Home | News | About | Dressage | Eventing | Showjumping | Show Ring | Forums | The Virtual Saleyard
Virtual Equestrian
TVE Home
Horse Industry News
International News
Equitana News
Olympic News
Product Reviews
Business Reviews
About TVE
Horse Health
Search News Archive
Equestrian Forum
Breeding Forum
Meet Market
Dressage News
Dressage Results
Dressage Profiles
Dressage Horses
Eventing News
Eventing Results
Eventing Profiles
Eventing Horses
Showjumping News
Showjumping Results
Showjumping Profiles
Showjumping Horses
Show Ring
Show Ring News
Show Ring Results
Show Ring Profiles
Show Horses
Virtual Saleyard
Horses for Sale
Horse Gear
Contact Cyberhorse
How To Advertise
About Cyberhorse
Privacy Policy
Cyberhorse 2008
tvelogo.gif (11443 bytes)
Debbie McDonald - Victorian Clinic, Day 1, Page 2

Day 1 , 3rd September 2009, a Great Success
Story and Pictures Berni Saunders - Page 2

The next horse to go was the charming (and doesn't he know it) gelding, Monet.
I discovered that Balmoral Equestrian principal Julia Battams was involved in the importation of Monet and rode him competitively for a while, so he has developed a large and very enthusiastic fan club at the centre.

Debbie was able to help his lucky owner and rider Vivian Lipshut, to get the tall gelding softer and more over the back with her counter flexion exercises.  As with the previous riders, she said,  "Turn his nose to the outside, haunches in ... and use the rail to help you to control him."  Then the exercise was reversed and as the spectators came to expect, we saw looser and more rhythmical movement at the end of Debbie's effective suppling exercises, Vivian was delighted. 

Debbie helped Vivian to understand the priorities of her work sessions!  "Don't over ride, try to keep the rhythm and connection ... rear end to front!  Too much hand interferes with correct acceptance.  Work for steady connection and be careful not to have too much inside rein."  Debbie showed Vivian how a correct arm and hand position would help to create a correct connection.  "Keep him in front of the leg and more forward.  Get his position right and then GIVE with your inside hand!"  Debbie showed the way!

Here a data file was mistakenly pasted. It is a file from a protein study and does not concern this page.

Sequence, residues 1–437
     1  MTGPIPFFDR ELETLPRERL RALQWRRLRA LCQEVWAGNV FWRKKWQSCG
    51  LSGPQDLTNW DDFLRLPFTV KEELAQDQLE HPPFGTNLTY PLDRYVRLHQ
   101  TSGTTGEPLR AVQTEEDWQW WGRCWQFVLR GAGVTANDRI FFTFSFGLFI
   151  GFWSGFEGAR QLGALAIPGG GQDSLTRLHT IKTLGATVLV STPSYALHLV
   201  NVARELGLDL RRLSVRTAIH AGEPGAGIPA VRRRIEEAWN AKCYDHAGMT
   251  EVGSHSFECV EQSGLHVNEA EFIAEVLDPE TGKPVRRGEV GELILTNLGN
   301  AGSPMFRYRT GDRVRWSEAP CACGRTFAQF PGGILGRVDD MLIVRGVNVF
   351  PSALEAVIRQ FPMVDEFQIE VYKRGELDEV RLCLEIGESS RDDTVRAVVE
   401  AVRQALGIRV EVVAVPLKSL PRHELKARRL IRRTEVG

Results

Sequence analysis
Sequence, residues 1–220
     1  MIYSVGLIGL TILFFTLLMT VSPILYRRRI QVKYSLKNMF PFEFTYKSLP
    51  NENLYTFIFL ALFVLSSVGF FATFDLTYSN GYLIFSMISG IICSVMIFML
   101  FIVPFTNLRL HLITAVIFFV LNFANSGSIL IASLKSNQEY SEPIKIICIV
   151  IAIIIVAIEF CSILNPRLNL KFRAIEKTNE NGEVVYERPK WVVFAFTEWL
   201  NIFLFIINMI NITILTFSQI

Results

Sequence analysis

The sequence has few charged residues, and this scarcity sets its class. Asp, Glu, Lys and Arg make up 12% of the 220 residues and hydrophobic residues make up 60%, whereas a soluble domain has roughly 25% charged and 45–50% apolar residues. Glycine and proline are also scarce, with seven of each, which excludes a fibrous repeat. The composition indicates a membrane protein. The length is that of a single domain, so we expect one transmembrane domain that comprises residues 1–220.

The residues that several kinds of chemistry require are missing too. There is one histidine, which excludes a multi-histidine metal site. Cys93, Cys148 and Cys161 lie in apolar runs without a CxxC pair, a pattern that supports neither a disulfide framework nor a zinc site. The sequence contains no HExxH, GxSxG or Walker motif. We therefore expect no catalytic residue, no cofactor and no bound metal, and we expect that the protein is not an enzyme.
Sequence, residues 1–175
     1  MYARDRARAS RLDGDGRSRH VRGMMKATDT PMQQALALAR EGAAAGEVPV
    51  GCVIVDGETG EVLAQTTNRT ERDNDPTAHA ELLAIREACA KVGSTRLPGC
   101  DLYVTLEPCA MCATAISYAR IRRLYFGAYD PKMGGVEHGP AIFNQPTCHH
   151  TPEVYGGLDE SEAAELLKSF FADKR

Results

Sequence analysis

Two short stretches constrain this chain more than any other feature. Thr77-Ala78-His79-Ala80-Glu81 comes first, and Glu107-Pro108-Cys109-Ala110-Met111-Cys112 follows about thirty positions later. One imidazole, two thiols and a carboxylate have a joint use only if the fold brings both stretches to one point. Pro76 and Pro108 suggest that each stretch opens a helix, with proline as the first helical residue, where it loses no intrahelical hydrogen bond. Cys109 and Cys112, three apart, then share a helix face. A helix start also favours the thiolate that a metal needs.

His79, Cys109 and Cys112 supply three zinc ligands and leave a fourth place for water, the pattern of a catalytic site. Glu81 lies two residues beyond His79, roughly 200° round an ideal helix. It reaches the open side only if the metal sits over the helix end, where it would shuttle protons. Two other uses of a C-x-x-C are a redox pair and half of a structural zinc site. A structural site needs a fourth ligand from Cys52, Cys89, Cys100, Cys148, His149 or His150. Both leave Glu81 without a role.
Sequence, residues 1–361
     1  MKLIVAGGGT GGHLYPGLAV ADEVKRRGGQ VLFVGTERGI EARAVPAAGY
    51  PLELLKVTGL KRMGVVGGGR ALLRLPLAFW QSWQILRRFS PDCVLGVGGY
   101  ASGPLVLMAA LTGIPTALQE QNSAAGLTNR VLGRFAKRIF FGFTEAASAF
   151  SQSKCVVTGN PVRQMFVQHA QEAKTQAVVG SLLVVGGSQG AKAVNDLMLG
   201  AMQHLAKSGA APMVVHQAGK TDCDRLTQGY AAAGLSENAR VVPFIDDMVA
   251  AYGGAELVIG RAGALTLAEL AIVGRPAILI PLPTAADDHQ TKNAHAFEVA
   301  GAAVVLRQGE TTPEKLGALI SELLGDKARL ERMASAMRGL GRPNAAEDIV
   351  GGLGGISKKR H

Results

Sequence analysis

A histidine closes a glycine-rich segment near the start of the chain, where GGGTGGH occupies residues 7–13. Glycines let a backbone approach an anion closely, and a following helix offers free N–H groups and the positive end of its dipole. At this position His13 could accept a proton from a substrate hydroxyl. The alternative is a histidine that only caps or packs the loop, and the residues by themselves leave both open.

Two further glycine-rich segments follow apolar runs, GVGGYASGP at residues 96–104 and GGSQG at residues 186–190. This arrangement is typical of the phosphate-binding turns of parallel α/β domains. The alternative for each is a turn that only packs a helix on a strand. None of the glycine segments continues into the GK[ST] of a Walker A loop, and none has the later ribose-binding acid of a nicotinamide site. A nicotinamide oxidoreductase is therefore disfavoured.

"Work on the relationship between the hand and leg ... horse's head up and light ... that is what we want!" Debbie concluded as the very much softer Monet was leaving the arena.

Debbie said on quite a few occasions throughout the day that she worked ALL horses along the same lines in their preparation - this was very well demonstrated in the similarities in the lessons for Susannah Buckley on her 5 YO and Vivian Lipshut with her older FEI trained Monet. 

Debbie was so patient and encouraging - she is a gifted clinician who worked with enthusiasm and compassion, bringing out  the best from each horse and rider combination - we can only hope that she accepts invitations to come back here on a regular basis.

Monet the imported gelding from Belguim.

First on after lunch was the very elegant pair from Winchlesea in Victoria - Sylvia McLachlan on her beautiful imported gelding Avignon by Abanos (Alabaster) from a mare by Rio Negro who was campaigned very successfully by the legendary German, Willi Schultheis, about 15 or so years ago.  I was amazed to see how much this combination have improved and this is a truly beautiful 8 YO with the world at his feet.  I said to Sylvia that the pictures I have seen show that Alabaster has the most beautiful head and Avignon has his grand daddy's good looks!

Sylvia is such an elegant rider, it was impossible to photograph a bad moment, but It was clear that after 40 minutes of bending ...  attention to rhythm ... and counter flexion to soften the back and enhance the swing in Avignon's already lovely paces - we were starting to see his best. 

Debbie stepped up the requirements for Sylvia's horse and they performed some lovely sequences of half passes on short diagonals.  This exercise acted as a 'barometer' for Debbie and she observed that the horse was not quite as willing to stretch to the left.  "Allow with the inside rein and encourage him to stretch.  Be careful not to hold him with the inside rein in the half pass .... ALLOW!  Sylvia was encouraged to use travers/renvers to sharpen his response and counter bending to soften ... NOW he is ready for the half pass left and what an improvement!

Debbie offered another helpful idea ... "Think about keeping the bit in contact with the corner of his mouth, but WITHOUT pulling.  Keep this feel through the transitions, then go into half pass."  Debbie added,  "If he takes too long to respond, use half halts to get him softer and more responsive, tap him lightly, try for a quicker response."